A former employee of a major coal producer filed a class action suit Tuesday that aims to recover wages for employees of Blackjewel LLC., a coal company that filed for Chapter 11 bankruptcy last week and left hundreds of Kentucky miners out of work.
The suit claims that Blackjewel broke a federal labor law that requires companies to give workers 60 days notice before their jobs are terminated. It aims to force Blackjewel to pay 60 days wages and benefits for those employees.
Stuart Miller, an attorney representing the former employee, said the company’s failure to notify workers constitutes a violation of the Worker Adjustment and Retraining Notification Act.
WARN Act class action suits are “opt-out” suits, meaning former Blackjewel employees don’t have to sign up to join. Rather, any former Blackjewel employee who meets the requirements specified in the suit would receive benefits unless the employee chooses to opt out.
Blackjewel and its affiliates make up one of the largest coal producers in the nation, with about 1,100 miners in Kentucky, Virginia and West Virginia, and another 600 miners in the western U.S.
Kentucky employees have reported that their last paychecks, issued June 28, were clawed back July 1, leaving many miners and their families with overdrawn accounts and serious financial struggles.
Miller said any money earned from the class action suit would be separate from those clawed-back or unpaid wages.
An attorney representing Blackjewel in the Chapter 11 bankruptcy suit could not be reached for comment Tuesday evening.
During a hearing this weekend, the company confirmed that it would not be able to pay many miners until it had enough money to re-open its mines and bring people back to work.
An attorney representing Blackjewel in the bankruptcy did not provide any specific timeline during the hearing.
“To be perfectly clear: the company is fully committed to securing the additional financing necessary to resume normal operations and to bring our employees back to work as quickly as possible,” Blackjewel said in a statement to its employees last week.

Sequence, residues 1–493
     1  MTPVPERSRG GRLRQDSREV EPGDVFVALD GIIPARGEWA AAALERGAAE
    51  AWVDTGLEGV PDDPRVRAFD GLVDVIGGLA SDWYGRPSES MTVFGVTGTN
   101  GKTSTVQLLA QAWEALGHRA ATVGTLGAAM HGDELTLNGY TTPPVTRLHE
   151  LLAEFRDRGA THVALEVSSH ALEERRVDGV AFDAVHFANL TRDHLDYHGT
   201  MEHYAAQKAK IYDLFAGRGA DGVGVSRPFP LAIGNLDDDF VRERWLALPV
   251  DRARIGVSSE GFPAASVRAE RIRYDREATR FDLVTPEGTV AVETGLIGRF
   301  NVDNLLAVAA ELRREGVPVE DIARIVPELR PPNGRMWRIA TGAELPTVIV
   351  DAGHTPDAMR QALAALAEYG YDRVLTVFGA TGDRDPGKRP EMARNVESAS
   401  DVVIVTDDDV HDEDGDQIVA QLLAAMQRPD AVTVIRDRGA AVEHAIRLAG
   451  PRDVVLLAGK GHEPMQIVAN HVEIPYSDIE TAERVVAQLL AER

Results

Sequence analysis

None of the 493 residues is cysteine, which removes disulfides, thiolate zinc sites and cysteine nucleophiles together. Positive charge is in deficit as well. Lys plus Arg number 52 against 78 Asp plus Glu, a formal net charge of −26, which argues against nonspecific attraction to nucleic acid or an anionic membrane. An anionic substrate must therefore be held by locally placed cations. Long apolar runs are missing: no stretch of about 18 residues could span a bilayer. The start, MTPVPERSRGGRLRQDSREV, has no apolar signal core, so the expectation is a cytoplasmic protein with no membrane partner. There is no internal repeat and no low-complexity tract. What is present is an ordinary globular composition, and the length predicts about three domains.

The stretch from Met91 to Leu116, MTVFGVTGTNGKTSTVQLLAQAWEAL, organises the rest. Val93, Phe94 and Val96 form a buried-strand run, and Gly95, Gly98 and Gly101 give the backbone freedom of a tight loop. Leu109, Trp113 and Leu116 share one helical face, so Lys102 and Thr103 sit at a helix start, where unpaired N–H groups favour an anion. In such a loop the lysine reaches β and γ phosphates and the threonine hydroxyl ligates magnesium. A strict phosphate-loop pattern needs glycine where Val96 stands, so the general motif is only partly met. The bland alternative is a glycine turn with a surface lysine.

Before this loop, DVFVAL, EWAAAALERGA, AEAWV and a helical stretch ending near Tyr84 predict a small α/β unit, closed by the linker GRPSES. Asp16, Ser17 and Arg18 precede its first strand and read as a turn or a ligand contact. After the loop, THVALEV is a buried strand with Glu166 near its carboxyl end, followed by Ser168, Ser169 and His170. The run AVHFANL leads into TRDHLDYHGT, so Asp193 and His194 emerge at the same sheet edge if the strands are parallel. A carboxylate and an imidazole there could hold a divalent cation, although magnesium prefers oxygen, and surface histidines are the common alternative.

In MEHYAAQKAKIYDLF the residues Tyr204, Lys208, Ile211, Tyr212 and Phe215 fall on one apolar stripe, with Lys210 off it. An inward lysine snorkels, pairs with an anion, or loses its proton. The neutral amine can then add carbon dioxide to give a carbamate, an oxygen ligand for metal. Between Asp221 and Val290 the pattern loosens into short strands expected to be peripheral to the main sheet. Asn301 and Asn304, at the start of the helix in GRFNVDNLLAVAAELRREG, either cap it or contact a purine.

Miller’s firm, Lankenau & Miller, LLP., solely handles WARN Act class action suits. The firm has represented clients in more than 200 similar cases, some of which were against coal companies, Miller said.
“It’s a case we’re certainly willing to take on because we feel good about it,” he said.
If the suit is successful, the wages claim would go to the top of the list of unsecured creditors as other entities seek money from Blackjewel in the bankruptcy.
As of Tuesday evening, Blackjewel had yet to file a response to the suit.
Blackjewel’s bankruptcy and the claw-back of miners’ wages have provoked an investigation from the Kentucky Labor Cabinet, as well as criticisms from state and local officials.
Attorney General Andy Beshear has also dedicated resources from his office to assist miners who have been left out-of-work following the bankruptcy.
As of Tuesday evening, the class action case listed just one plaintiff, David Engelbrecht, a former Blackjewel employee from Wyoming, but Miller asked other miners who have been impacted by the bankruptcy to contact his office at (212) 581-5005.
“It’s very early in the case and facts need to be developed, and if there are people who want to call us, particularly from the other facilities, we’d be happy to talk to them,” Miller said. “I can guarantee people that it’s not going to cost them anything.”